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After ten years of creating Mega Man video games exclusively for various Nintendo consoles, Capcom decided to switch gears to Sony's PlayStation and Sega's Saturn in 1997 for Mega Man 8, leaving Mega Man's loyal Nintendo fans behind for the first time. While a handful of Mega Man titles had been converted for other platforms (Mega Man X3 was released for the PC, Sony PlayStation, and Sega Saturn in addition to the Super NES, for example), Mega Man 8 represents a major shift in Mega Man's future. The reason for the switch seems obvious enough - the Nintendo 64's game paks were unable to handle the storage capacity needs of the (poor quality) full motion video the game used to move the storyline along - although looking at the bigger picture reveals how Capcom, along with many other noted third-party game developers in the industry, were jumping from Nintendo's ship at the time. Despite the backroom wheelings-and-dealings involved with its production, Mega Man 8 is another solid chapter in the character's history and represents his final adventure released in North America until 2003's Mega Man and Bass.

Mega Man 8 begins as two fields of energy are locked in battle in outer space. After one particularly nasty attack on each other, the energy beings plummet to Earth. One of these beings is a cosmic robot by the name of Duo, the other is simply a glob of evil energy that Duo is tasked with destroying. Duo is eventually befriended by Mega Man and his creator, but the evil energy has landed near Dr. Wily's lab. Now the mad scientist is using the evil energy to power his latest collection of robot masters and conquer the world. Mega Man sets out to destroy the robots and recover the energy for proper disposal armed with a new weapon: the Mega Ball, a soccer-ball type weapon that inflicts damage after being kicked.

Longtime fans of the Mega Man series will find this game most familiar. After all, it's yet another installment of the side-scrolling platforming shooter that fans that keeps fans coming back for more. While the graphics have received a boost from the 16-bit Mega Man 7, the core of that title is held intact here. Mega Man walks slowly, jumps, shoots his traditional blaster, and captures the weapons of defeated robot masters. Rush the robodog returns yet again, although this time in four new forms that provide indirect assistance for Mega Man by dropping bombs from above, digging up weapon energy, or speeding our hero to his destination. From time to time Rush appears as the Rush Jet form, giving the game brief auto-scrolling shooter levels. Auto the robot builds upgrades for Mega Man once again, and on occassion Eddie and Beat drop in to assist. Mega Man 8 is more of the same on all accounts, although that sameness makes up the core of the Mega Man experience. New additions to the series include the ability to save game progress to memory cards and the ability to shoot the standard blaster while a robot master weapon is also armed, a feature brought over from the later Mega Man X games. Mega Man can also switch weapons with the L1 and R1 buttons without switching to the subscreen first, another feature from the X series.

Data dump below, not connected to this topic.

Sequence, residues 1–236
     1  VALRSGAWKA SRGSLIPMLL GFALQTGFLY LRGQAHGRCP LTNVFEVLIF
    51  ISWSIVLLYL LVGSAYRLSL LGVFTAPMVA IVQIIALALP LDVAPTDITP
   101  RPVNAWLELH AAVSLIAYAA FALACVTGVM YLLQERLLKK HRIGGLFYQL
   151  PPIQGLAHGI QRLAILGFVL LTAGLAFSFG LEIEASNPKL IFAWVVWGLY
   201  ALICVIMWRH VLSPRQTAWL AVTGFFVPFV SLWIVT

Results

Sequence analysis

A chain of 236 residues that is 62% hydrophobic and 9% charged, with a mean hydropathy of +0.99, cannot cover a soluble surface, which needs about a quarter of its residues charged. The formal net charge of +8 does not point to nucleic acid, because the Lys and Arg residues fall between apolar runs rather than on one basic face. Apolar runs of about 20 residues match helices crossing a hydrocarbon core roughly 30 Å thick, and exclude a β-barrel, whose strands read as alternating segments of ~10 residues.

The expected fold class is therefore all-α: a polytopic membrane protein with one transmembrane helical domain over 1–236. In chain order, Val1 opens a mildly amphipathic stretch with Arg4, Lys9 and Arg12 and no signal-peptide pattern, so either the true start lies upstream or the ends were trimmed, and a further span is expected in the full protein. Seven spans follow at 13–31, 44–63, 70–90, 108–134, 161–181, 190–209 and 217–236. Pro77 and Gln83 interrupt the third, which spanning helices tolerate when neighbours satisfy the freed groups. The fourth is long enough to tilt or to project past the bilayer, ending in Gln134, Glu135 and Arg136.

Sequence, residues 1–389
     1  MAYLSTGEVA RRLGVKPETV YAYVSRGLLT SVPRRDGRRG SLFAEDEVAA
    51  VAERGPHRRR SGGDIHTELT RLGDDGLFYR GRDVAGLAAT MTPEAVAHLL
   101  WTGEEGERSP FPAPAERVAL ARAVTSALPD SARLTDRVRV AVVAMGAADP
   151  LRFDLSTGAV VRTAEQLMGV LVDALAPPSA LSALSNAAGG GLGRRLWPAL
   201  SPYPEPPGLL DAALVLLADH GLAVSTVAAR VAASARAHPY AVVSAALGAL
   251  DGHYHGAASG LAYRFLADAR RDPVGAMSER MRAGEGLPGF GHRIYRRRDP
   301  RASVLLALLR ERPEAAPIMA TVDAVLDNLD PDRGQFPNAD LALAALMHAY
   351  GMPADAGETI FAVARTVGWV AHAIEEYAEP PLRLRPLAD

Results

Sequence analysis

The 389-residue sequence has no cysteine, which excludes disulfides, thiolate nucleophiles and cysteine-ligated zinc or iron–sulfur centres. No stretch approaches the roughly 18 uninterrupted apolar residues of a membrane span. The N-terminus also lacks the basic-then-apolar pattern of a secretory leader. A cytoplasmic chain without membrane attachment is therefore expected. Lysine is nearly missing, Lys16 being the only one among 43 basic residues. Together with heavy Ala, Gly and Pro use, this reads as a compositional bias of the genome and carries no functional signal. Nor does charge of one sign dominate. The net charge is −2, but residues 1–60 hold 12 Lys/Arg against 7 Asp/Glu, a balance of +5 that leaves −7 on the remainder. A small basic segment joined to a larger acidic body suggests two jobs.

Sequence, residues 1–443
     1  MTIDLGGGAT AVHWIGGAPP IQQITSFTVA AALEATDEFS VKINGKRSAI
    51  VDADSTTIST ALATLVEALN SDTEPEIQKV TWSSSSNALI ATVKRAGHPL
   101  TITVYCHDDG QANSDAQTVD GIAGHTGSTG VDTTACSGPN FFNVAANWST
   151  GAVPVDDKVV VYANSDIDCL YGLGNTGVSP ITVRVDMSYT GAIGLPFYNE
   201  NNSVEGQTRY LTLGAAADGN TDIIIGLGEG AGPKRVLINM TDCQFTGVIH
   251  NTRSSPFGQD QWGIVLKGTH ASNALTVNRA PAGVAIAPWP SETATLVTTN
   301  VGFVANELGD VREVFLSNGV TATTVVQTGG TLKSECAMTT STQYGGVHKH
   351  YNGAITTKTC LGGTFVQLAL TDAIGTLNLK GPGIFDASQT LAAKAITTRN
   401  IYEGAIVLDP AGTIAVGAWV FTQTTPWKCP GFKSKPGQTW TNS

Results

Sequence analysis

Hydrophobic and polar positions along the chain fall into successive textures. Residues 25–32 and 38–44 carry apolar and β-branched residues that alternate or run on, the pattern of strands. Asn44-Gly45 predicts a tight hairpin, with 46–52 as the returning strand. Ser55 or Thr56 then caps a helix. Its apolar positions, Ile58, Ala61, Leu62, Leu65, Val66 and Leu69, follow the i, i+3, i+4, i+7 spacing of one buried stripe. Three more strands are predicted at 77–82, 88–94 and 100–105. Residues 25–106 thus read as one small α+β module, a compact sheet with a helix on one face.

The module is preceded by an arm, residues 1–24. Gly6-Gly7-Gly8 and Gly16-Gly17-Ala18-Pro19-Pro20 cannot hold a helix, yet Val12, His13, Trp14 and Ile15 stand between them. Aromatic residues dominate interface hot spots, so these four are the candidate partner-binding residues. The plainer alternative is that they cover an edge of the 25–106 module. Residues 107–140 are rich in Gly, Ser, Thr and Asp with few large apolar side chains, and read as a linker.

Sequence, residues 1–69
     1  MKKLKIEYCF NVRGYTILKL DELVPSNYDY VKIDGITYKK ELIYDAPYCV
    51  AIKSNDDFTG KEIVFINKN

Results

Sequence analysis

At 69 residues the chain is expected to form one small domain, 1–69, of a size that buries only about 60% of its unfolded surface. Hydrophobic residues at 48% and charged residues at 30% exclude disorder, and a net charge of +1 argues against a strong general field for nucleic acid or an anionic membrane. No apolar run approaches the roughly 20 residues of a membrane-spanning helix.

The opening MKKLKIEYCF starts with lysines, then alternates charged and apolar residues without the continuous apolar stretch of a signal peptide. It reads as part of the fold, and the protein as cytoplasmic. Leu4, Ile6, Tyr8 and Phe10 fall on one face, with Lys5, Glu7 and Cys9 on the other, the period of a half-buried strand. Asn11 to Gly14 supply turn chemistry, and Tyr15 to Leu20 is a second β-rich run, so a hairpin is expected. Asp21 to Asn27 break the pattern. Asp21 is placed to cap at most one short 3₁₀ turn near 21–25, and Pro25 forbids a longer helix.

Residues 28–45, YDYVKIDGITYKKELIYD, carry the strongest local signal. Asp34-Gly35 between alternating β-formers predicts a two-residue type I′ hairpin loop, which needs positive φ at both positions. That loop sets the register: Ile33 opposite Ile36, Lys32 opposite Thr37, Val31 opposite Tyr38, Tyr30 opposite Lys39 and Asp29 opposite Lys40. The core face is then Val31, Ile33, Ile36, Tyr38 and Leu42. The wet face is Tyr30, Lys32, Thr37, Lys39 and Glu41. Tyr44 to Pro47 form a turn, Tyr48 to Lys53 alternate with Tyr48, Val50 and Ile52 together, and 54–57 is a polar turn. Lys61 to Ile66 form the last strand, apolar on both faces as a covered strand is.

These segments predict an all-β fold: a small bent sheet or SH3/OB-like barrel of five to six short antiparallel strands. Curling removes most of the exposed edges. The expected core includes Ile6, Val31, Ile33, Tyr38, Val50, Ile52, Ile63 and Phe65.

And what would a Mega Man game be without robot masters? Dr. Wily's evil contraptions actually speak aloud this time around, often taunting Mega Man during battle or shouting out a few choice last words just before being blasted to bits. Several of these robot masters were recycled for the Super NES Japan-only title Rockman and Forte just a year later (which would finally be released in North America as Mega Man and Bass for the Game Boy Advance in 2003), detailed animations and all, proving that Capcom could have produced a Mega Man 8 for a Nintendo console if they had wanted to do so. The robot masters that Mega Man must face are:

The Sega Saturn version of the game features cameos from two classic robot masters, Cut Man and Wood Man. Mega Man can fight them to obtain bolts that can be swapped for upgrades, but he cannot take their weapons. In the Sony PlayStation version of the game the bolts that these two robots guard are simply laying out in the open and can be obtained without a battle. The PlayStation version contains a special bonus feature that covers Mega Man's tenth anniversary that the Sega Saturn version does not include, so each version contains an aspect that the other does not.

In the end Mega Man 8 is an enjoyable enough game, however it is just more of the same in a shinier package. The series had begun to grow stale by this point, partly because the formula had been rehashed so many times by now that it was no longer special and partly because Capcom is notorious for releasing as many games as possible in a series without seriously improving upon said formula. While Mega Man 8 has languished in the bargain bins with other various late 1990s PSOne games (and the Sega Saturn version forgotten about almost completely), Capcom did include the game in the 2004 Mega Man anthology release for the Nintendo GameCube and Sony PlayStation 2, the Mega Man Anniversary Collection.

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